Blue Book trail­blaz­ers

Ire­land’s Blue Book, now 45, boasts found­ing mem­bers who have sur­vived ev­ery­thing from the Trou­bles to Airbnb, writes Tanya Sweeney

The Irish Times Magazine - - TRAVEL- BAG -

Ire­land’s hos­pi­tal­ity in­dus­try knows a thing or two about cut and thrust. In a scene where ho­tels and restau­rants spring up – and per­ish – al­most ev­ery week, it takes a lot to sur­vive. Yet, amid this ex­cit­ing dy­namism, one or two es­tab­lish­ments have held firm down the decades with a sim­ple but ef­fec­tive mantra: keep do­ing what you’ve al­ways done. And it’s this old- school Ir­ish wel­come, cou­pled with the ro­mance and fi­nesse of old coun­try houses, that has seen some much- loved ho­tels weather sev­eral storms, among them the re­ces­sion, the Trou­bles and the Airbnb in­va­sion.

Some 45 years ago, Ire­land’s Blue Book – a col­lec­tion of coun­try house ho­tels, manor houses, cas­tles and restau­rants – was founded. It was formed in 1974 with 11 found­ing mem­bers who re­alised that there was a gap be­tween B& B ac­com­mo­da­tion and the larger ho­tel in­dus­try that was not be­ing mar­keted at that time. There are 48 prop­er­ties in the 2017 edi­tion of Ire­land’s Blue Book, and sev­eral of the orig­i­nal mem­bers have with­stood nearly a half- cen­tury in op­er­a­tion.

The Bal­ly­maloe crew

Hazel Allen came to work in Bal­ly­maloe House from a ho­tel in Canada in 1969. She was taken with the story of Myr­tle Allen, a farmer’s wife, who had cre­ated a farm guest house “and was do­ing it very well”.

Back in the 1960s, down- home hos­pi­tal­ity was very much the Al­lens’ USP.

“But when the chil­dren went in to help, they had to dress up and play the part. Myr­tle was very fo­cused and pre­pared to of­fer up only the very best. The whole idea was that it was like hav­ing your friends come to visit. “It was very much a fam­ily home, with the Aga burn­ing away in the kitchen. I re­mem­ber first see­ing a photo of her with her chil­dren in the news­pa­per – they were a scruffy bunch,” she laughs.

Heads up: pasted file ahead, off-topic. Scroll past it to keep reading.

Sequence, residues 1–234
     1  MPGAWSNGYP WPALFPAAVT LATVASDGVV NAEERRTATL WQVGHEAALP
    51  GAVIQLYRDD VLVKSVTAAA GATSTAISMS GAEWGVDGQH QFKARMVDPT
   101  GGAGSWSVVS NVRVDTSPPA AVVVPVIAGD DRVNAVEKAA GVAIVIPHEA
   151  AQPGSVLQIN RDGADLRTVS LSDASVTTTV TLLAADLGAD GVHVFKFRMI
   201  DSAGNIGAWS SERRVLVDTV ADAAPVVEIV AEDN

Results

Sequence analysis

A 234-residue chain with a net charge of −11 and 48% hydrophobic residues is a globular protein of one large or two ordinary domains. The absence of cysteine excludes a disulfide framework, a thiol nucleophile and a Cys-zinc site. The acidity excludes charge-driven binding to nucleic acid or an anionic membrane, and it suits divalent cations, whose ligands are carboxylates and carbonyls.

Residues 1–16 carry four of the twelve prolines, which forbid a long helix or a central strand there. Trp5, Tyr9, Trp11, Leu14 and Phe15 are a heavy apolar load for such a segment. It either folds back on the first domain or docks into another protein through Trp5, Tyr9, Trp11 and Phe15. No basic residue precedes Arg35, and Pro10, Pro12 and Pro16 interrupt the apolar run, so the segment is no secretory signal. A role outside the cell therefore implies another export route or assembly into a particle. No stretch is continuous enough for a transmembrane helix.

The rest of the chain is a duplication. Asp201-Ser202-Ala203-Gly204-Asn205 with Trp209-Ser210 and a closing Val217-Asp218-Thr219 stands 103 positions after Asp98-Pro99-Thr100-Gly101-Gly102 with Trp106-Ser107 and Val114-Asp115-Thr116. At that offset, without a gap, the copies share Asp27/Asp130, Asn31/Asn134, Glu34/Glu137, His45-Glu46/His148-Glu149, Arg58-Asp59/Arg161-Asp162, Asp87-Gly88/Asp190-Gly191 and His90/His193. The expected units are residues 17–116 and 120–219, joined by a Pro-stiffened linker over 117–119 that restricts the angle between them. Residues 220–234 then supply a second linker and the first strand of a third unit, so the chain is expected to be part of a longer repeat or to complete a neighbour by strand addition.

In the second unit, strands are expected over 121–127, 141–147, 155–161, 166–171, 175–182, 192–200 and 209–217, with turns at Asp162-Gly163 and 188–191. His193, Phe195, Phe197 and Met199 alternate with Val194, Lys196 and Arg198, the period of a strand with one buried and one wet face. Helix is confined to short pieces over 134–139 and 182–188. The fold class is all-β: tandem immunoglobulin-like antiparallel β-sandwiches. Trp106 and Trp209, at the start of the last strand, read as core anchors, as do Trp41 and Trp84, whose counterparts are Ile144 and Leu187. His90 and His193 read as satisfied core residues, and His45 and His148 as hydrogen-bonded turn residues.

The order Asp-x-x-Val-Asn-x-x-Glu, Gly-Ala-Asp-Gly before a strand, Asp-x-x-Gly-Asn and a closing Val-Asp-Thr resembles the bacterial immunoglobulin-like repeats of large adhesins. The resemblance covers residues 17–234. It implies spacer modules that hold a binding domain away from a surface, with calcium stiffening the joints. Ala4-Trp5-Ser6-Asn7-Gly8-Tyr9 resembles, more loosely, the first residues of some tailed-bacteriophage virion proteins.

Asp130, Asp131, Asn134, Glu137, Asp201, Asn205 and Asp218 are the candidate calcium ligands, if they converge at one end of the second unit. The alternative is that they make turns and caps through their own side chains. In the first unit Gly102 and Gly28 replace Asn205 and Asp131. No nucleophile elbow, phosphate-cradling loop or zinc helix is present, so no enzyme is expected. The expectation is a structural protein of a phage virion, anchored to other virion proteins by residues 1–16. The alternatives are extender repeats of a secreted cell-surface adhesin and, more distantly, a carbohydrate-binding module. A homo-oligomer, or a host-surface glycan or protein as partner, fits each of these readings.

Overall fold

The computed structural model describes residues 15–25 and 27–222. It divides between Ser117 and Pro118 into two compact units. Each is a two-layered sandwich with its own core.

Hazel would go on to marry one of them ( Myr­tle’s son Rory) and watch at close range as Bal­ly­maloe tran­si­tioned from a farm guest house to a se­ri­ous restau­rant and, even­tu­ally, into a huge culi­nary dy­nasty.

Was it by ac­ci­dent or de­sign? “I think a bit of both,” rea­sons Allen. “No one ever woke up to cre­ate a restau­rant with 30 bed­rooms. At that time, you could count the restau­rants of note in Cork on two hands. The foodie scene is so dif­fer­ent now, but we’ve stuck to the orig­i­nal prin­ci­ple – lo­cal food, pro­duced in the lo­cal area.

“If you pull out one of our old menus, you’ll see that a lot of our dishes to­day – wild wa­ter­cress salad, or a lob­ster dish – were the same in the 1970s and 1980s.”

Forty- five years ago, English tourists, keen to take a hol­i­day of sev­eral weeks, made up the main clien­tele of many Ir­ish coun­try ho­tels: “They re­ally un­der­stood the coun­try house style of liv­ing, and many fam­i­lies would book from year to year,” re­calls Hazel. “The Amer­i­can mar­ket is very strong. The Eu­ro­pean mar­ket, not so much, as they of­ten want to go to the west.”

Wheeler dealer

Mark Wheeler, the cur­rent pro­pri­etor of Rath­mul­lan House in Done­gal, has no­ticed that his clien­tele has got younger and more Ir­ish in re­cent years. Much of this is his do­ing: a few years ago, he de­cided to cre­ate a Rath­mul­lan House food stand for fes­ti­vals such as the Elec­tric Pic­nic, cre­at­ing vis­i­bil­ity for a whole new gen­er­a­tion.

“We made a huge con­scious ef­fort to make that hap­pen be­cause I no­ticed that there was a ho­tel next door and its clien­tele were essen­tially dy­ing and they were re­plac­ing them,” he says.

His par­ents bought the house in 1960 from the Batt fam­ily, who owned the Belfast Bank ( now Ul­ster Bank). Mark has been at the helm for a quar­ter cen­tury.

“Back in the 1960s the house was too cold to open in the win­ter. We ren­o­vated a lot of those, so now we have 12 vis­i­tor bed­rooms for pretty much 52 weeks a year,” he says. “I didn’t want to be the gen­er­a­tion that ru­ined the house.”

Yet the cosy fam­ily- run vibe is in­trin­sic to its on­go­ing suc­cess.

Re­call­ing his ex­pe­ri­ences of work­ing a fam­ily ho­tel as a young­ster, Wheeler says: “Un­like most other peo­ple, we never had sum­mer hol­i­days. We had a se­ries of ‘ friends’ who we de­vel­oped – we knew that in the first week of Au­gust, say, the O’Reilly fam­ily would al­ways come. You do have to be here an aw­ful lot of the time, but the best part of it is see­ing peo­ple ar­rive a lit­tle stressed and leav­ing happy.”

Mal­low vibes

Along with her late hus­band, Michael, Jane O’Cal­laghan opened Longueville House in Mal­low, Cork, in 1967 af­ter Michael con­verted what was orig­i­nally a school­house. Michael prided him­self in of­fer­ing the sort of con­vivial hos­pi­tal­ity rarely found else­where: “He gave loads of time to peo­ple, plan­ning itin­er­ar­ies, or tak­ing them to the hurl­ing fi­nals or the lo­cal mart, where vis­i­tors couldn’t un­der­stand a word,” notes Jane. “Even now I’ll ask the Amer­i­cans if I can see their itin­er­ary. When they ask why I want to see it I re­ply, ‘ be­cause I want to change it’.”

For many Ire­land’s Blue Book mem­bers, there have been chal­lenges down the years. “The big­gest one was the Trou­bles,” Wheeler re­calls. “The hos­pi­tal­ity busi­ness had been dec­i­mated when English peo­ple stopped com­ing as they were scared to

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